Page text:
NATO forces interested in Iron Dome

Defense Ministry in talks with EU states about possible sale of system.

March 10, 2010 03:31
1 minute read.
NATO forces interested in Iron Dome

Iron Dome rocket launcher 248.88 courtes. (photo credit: )


Dear Reader,
As you can imagine, more people are reading The Jerusalem Post than ever before. Nevertheless, traditional business models are no longer sustainable and high-quality publications, like ours, are being forced to look for new ways to keep going. Unlike many other news organizations, we have not put up a paywall. We want to keep our journalism open and accessible and be able to keep providing you with news and analyses from the frontlines of Israel, the Middle East and the Jewish World.

As one of our loyal readers, we ask you to be our partner.

For $5 a month you will receive access to the following:

  • A user experience almost completely free of ads
  • Access to our Premium Section
  • Content from the award-winning Jerusalem Report and our monthly magazine to learn Hebrew - Ivrit
  • A brand new ePaper featuring the daily newspaper as it appears in print in Israel

Help us grow and continue telling Israel’s story to the world.

Thank you,

Ronit Hasin-Hochman, CEO, Jerusalem Post Group
Yaakov Katz, Editor-in-Chief


The Defense Ministry is in talks with a number of European countries about the possible sale of the Iron Dome short-range missile defense system which the IDF plans to deploy in the coming months along the border with the Gaza Strip.

In January, the Iron Dome underwent a round of tests during which it successfully intercepted barrages of Kassam and Katyusha rockets. The missile barrages that the system succeeded in intercepting included a number of rockets that mimicked Kassam and longer-range Grad-model Katyusha rockets that are known to be in Hamas’s arsenal.

Be the first to know - Join our Facebook page.

The Iron Dome is supposed to be capable of intercepting all of the short-range rockets fired by Hamas in the Gaza Strip and Hizbullah in Southern Lebanon. The Iron Dome uses an advanced radar – made by Elta – that locates and tracks the rocket, which is then intercepted by a kinetic missile interceptor.

Following the round of tests two months ago, a number of European countries that are currently fighting in Afghanistan, sent delegations to Israel to meet with Iron Dome manufacturer Rafael Advanced Defense Systems.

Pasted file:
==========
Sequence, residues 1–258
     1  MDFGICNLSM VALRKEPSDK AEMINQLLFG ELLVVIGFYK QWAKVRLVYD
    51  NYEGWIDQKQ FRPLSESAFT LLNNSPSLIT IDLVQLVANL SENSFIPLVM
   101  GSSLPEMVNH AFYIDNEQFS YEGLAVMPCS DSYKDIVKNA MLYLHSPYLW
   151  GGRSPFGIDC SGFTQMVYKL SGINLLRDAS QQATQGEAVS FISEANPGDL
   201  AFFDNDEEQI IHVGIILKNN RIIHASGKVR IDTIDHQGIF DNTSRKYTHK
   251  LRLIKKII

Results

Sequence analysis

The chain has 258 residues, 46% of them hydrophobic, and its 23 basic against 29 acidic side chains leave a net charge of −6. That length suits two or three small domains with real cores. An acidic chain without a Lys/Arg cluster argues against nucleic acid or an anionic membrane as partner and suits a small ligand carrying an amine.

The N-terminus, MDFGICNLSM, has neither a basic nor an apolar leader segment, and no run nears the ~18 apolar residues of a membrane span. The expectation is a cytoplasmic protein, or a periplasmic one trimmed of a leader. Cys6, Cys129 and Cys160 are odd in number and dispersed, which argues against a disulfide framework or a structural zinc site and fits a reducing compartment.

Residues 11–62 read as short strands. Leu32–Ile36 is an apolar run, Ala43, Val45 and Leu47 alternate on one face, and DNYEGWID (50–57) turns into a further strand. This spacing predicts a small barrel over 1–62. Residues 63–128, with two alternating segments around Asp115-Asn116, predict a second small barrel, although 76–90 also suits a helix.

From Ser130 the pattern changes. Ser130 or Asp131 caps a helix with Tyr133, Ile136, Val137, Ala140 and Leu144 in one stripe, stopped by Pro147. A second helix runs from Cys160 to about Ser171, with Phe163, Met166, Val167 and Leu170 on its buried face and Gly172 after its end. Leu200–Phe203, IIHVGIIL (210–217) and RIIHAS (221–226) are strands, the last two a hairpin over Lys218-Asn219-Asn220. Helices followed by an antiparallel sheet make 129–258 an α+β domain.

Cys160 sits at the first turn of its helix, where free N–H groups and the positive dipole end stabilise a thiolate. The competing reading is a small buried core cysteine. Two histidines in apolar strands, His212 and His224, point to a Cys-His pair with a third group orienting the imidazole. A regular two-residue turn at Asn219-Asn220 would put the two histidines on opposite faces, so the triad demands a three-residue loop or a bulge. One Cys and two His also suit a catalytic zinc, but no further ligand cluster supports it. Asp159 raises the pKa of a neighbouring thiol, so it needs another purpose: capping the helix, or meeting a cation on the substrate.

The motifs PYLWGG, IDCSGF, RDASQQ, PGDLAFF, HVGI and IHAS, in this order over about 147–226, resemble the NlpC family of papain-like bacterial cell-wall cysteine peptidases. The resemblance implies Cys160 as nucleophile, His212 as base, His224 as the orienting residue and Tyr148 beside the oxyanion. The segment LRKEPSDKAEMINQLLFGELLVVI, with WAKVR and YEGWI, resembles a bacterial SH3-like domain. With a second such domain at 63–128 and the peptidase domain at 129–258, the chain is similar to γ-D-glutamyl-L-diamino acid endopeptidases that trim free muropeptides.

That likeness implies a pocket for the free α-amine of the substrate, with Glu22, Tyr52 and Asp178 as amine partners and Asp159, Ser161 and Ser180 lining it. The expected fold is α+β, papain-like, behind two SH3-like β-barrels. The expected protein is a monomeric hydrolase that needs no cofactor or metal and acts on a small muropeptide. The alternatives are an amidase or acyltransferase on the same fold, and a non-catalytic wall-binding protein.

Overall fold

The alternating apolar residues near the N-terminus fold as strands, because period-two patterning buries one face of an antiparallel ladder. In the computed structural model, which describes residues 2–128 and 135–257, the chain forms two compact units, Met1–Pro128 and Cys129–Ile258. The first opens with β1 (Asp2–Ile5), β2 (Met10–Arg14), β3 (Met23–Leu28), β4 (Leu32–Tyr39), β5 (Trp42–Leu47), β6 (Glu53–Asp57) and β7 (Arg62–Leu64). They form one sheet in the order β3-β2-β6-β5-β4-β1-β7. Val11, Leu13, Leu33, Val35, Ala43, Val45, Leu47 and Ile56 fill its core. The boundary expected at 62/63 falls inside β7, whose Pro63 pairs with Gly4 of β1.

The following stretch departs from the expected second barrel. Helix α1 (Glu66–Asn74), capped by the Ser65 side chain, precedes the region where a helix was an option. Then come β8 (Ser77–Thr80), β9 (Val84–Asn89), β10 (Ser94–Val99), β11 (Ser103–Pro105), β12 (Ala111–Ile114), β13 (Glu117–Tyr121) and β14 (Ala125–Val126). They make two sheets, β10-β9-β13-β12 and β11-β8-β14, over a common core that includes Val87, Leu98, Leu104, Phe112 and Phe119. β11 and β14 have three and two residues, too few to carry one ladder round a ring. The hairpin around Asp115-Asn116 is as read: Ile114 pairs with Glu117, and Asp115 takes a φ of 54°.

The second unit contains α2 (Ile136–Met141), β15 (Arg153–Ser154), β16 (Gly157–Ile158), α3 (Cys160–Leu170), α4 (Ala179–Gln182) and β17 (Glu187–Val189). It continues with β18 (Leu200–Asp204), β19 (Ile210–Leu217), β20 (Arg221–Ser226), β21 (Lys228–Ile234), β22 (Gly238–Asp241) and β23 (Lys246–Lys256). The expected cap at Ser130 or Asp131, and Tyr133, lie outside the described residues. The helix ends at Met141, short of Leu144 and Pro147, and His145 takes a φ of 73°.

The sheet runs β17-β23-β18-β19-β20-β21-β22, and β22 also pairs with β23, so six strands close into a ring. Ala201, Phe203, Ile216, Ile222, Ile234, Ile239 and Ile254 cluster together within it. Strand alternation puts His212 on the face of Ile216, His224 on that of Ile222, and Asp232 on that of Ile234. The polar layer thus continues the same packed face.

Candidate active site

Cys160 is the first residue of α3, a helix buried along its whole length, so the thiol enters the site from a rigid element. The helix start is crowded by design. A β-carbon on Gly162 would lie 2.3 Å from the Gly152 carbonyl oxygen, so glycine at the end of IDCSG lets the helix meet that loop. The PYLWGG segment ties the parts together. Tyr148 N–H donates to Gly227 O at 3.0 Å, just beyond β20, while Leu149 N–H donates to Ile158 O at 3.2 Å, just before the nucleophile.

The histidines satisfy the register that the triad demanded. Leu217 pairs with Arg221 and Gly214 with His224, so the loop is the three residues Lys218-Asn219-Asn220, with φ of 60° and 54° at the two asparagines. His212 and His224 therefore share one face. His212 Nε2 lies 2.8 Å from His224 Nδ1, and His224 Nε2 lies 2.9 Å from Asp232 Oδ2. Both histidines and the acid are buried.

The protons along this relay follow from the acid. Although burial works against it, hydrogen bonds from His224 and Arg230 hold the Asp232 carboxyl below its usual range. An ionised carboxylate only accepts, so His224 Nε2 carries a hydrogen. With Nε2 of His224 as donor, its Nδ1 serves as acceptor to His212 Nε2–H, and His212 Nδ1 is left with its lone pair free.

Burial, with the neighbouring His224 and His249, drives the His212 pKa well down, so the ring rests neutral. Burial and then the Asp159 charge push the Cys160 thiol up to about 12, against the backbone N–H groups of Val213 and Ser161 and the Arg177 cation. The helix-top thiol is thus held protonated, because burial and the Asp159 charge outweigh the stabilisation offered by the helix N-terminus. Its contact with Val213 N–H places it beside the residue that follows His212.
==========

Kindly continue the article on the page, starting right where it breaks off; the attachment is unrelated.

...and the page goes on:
“Anyone fighting in Afghanistan and Iraq today is interested in this system,” one official involved in the Iron Dome project said Tuesday.

In addition, officials said that it was possible that the United States would help Israel fund procurement plans for the system, estimated at tens of millions of dollars and at around $50,000 per interceptor. If approved, the budget for the Iron Dome would likely be separate from the $3 billion that Israel receives in annual military aid from the US.

The IDF has already established a new battalion that will be part of the IAF’s Air Defense Division and will operate the Iron Dome. Prototypes of the Iron Dome have already been supplied to the new battalion which has commenced training with the system.


The IDF has also located positions along the Gaza border that will be used as bases for the system, which includes a launcher and radar system. After it completes the deployment of the system along the Gaza border and depending on budget constraints, the IDF will begin deploying the system along the northern border with Lebanon.

Join Jerusalem Post Premium Plus now for just $5 and upgrade your experience with an ads-free website and exclusive content. Click here>>

Related Content

Jisr az-Zarq
April 3, 2014
Residents of Jisr az-Zarqa beckon Israel Trail hikers to enjoy their town